Transformative urban planning with roof coatings

Coating technologies

These images show a roof before and after recoating.
These images show a roof before and after recoating.

As mentioned earlier, transporting materials to the roof of a high-rise building may be logistically challenging. Roof coatings or liquid-applied roof membranes solve the inherent problem by being more portable than traditional materials. Coatings typically come in 18.93-L (5-gal) buckets, 208-L (55-gal) drums, or 1041-L (275-gal) totes that can be easily moved from the ground to the roof or to various staging areas or can be pumped to the roof. The technology enclosed within those buckets makes roof coatings and liquid-applied roof membranes effective.

By far, the most popular coatings technology uses acrylic resins as the base polymer. Acrylic coating technology is typically water based and has the benefit of being able to be applied over multiple substrate types, including modified bitumen (mob-bit), built-up, concrete, metal, and single-ply systems. Additionally, acrylics usually have low VOC content and can be installed at 10 C (50 F) temperatures and rising. Areas experiencing colder climates have limited installation windows and specifiers should be cognizant of seasonal constraints when detailing coatings. Acrylic technology is a versatile option, easy to install with either a sprayer or roller and simple to maintain.

White acrylic coatings are highly reflective and can help cities reduce the urban heat island effect when applied on rooftops. However, specifiers are increasingly using rooftops as canvases to showcase a building’s culture and sense of style, and even for advertising space. Especially in urban areas with airports, rooftops offer building owners an opportunity to present signage, branding, or creative flair to flyover passengers. Due to harsh rooftop conditions, artscapes must be created with coatings that are color stable and can resist damage from ultraviolet (UV) rays. PVDF is a suitable technology to create long-lasting designs on rooftops. Applied as a finish coat after a roof coating system (e.g. acrylic) is installed, PVDF coatings are more color stable, perform well against abrasion, and provide protection against biological growth. Additionally, many PVDFs are listed by the Underwriters Laboratories (UL) as Class A fluid-applied coating systems, can be Energy Star-certified, and are rated by CRRC. PVDFs give specifiers design freedom while offering the same cool benefits as white coatings.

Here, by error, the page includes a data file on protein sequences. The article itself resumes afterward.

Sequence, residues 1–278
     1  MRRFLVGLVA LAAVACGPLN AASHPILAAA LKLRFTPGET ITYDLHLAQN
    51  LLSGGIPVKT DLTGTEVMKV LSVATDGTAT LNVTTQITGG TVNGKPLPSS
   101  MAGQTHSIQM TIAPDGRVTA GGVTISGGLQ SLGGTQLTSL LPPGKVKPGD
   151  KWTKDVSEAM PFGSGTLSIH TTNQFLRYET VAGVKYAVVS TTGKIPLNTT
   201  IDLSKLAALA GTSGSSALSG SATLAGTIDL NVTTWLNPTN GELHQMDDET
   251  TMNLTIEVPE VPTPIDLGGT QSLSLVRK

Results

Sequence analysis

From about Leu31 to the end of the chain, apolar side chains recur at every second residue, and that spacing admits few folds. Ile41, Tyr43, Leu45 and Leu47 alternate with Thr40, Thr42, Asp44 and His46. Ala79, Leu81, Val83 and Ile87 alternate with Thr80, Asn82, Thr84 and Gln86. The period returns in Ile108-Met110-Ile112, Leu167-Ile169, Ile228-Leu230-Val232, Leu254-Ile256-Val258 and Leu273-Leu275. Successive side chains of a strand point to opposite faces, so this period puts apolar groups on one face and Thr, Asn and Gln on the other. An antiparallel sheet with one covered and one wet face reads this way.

While acrylic roof coatings are recognized as durable and easy to install, silicone technology offers moisture curing and protection against ponding water. These technologies are growing in popularity due to their longer-term elastomeric properties and higher solids content. In terms of installation, contractors appreciate silicone’s no-mix, single-component composition. However, designers should be cautious when specifying silicones for recoating purposes. Initial silicone applications achieve excellent adhesion to primed concrete, masonry, metal, and wood surfaces. After the initial application though, only silicone-based technologies can be used for recoating.

Conclusion

As temperatures continue to rise, urban planners are increasingly looking for easy-to-implement strategies to decrease the urban heat island effect and increase energy efficiency. The majority of city buildings already exist, and thus any green tactics must be carried out through retrofitting processes. Upgrading the building envelope and HVAC systems is expensive and requires building downtime, barriers that may stop building owners from implementing any energy-saving strategies. An alternative exists overhead, as white, reflective roofs can reduce rooftop temperatures by as much as 10 C (50 F). This can significantly reduce the overall heat that can transfer into the building, improve building occupant safety, help reduce the energy requirements of air-conditioning systems, and reduce the city’s urban heat island effect. Reflective roof coatings are a sustainable solution to transform existing dark roofs into light-reflecting, high-performing monolithic roofs. Currently, summers in Boston average 26 C (79 F). In 2100, summers in the city are projected to average 32 C (89 F), the same average temperature experienced today by North Miami Beach in Florida. Are city planners ready for the heat?

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